a glycoprotein hormone which directly stimulates for erythrocyte formation.

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Bilirubin

is the yellow breakdown product of normal heme catabolism. Heme is found in hemoglobin, a principal component of red blood cells. Bilirubin is excreted in bile and urine, and elevated levels may indicate certain diseases. It is responsible for the yellow color of bruises, the background straw-yellow color of urine

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Anemia

(“lacking blood”) is a condition in which the blood has abnormally low oxygen-carrying capacity.

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Hemorrhagic anemias

result from blood loss.

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hemolytic anemias

erythrocytes rupture, or lyse, prematurely.

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Pernicious anemia

is due to a deficiency of vitamin B12.

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Macrocyte

An abnormally large red blood cell, especially one associated with pernicious anemia.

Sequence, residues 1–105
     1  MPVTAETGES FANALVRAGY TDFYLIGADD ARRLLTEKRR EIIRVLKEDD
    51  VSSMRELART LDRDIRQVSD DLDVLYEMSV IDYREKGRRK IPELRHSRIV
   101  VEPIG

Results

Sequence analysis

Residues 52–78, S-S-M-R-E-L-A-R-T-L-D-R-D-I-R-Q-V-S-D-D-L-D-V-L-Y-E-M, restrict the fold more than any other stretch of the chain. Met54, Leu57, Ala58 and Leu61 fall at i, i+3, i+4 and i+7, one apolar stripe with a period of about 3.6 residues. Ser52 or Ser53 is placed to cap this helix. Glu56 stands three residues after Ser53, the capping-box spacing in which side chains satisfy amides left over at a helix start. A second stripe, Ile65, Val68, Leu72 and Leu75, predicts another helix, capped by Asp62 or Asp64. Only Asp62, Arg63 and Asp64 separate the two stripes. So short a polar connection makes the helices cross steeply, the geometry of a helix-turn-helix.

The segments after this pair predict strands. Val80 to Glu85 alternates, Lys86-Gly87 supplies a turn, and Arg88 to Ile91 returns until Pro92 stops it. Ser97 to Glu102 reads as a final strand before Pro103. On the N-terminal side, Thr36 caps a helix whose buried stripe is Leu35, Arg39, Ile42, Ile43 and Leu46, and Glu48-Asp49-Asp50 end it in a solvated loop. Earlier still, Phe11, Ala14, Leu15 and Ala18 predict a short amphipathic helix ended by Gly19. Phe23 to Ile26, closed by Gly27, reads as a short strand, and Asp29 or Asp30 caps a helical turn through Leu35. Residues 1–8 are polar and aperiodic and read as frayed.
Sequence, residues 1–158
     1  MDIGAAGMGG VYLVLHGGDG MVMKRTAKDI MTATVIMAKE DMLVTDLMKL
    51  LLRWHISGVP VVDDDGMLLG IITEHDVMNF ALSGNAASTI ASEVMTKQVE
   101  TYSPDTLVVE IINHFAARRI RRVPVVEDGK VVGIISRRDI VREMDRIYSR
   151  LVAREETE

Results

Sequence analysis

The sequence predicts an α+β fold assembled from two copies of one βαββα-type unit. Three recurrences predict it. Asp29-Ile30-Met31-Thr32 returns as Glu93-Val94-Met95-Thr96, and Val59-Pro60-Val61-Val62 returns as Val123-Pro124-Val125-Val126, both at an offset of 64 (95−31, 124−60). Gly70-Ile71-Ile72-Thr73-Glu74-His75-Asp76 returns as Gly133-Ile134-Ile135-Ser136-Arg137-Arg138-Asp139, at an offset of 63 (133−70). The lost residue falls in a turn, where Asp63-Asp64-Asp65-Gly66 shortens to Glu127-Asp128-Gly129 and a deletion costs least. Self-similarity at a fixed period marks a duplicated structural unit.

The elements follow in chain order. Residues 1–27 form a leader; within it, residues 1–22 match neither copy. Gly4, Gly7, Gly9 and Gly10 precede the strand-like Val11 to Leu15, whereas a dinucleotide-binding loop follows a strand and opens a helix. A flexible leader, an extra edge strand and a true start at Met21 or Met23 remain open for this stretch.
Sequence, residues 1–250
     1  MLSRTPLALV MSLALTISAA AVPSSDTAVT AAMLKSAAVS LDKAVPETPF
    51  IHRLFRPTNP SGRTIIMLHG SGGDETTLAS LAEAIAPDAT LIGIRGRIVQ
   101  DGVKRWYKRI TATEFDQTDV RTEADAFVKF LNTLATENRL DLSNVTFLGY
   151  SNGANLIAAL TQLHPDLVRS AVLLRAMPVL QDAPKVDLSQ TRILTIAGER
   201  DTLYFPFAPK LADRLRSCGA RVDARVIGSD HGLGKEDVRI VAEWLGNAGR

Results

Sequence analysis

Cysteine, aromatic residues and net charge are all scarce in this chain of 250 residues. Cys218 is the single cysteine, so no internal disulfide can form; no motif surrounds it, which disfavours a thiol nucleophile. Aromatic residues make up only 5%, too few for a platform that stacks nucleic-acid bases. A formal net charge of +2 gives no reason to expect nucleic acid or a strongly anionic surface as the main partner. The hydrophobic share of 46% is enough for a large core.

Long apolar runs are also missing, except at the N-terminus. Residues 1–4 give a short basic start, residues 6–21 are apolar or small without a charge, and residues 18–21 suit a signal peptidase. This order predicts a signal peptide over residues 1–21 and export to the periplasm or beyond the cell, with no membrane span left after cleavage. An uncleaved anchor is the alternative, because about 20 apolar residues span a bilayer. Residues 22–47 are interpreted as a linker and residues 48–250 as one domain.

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Macrocyte

An abnormally large red blood cell, especially one associated with pernicious anemia.

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Polycythemia

an abnormal excess of erythrocytes that increases blood viscosity, causing it to sludge, or flow sluggishly

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Amoeboid motion

the process in which leukocytes move through the tissue spaces, they form flowing cytoplasmic extensions that move them along.

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Chemotaxis

the process leukocytes use to follow the chemical trail of molecules released by damaged cells or other leukocytes

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Leukocytosis

A white blood cell count of over 11,000 cells/μl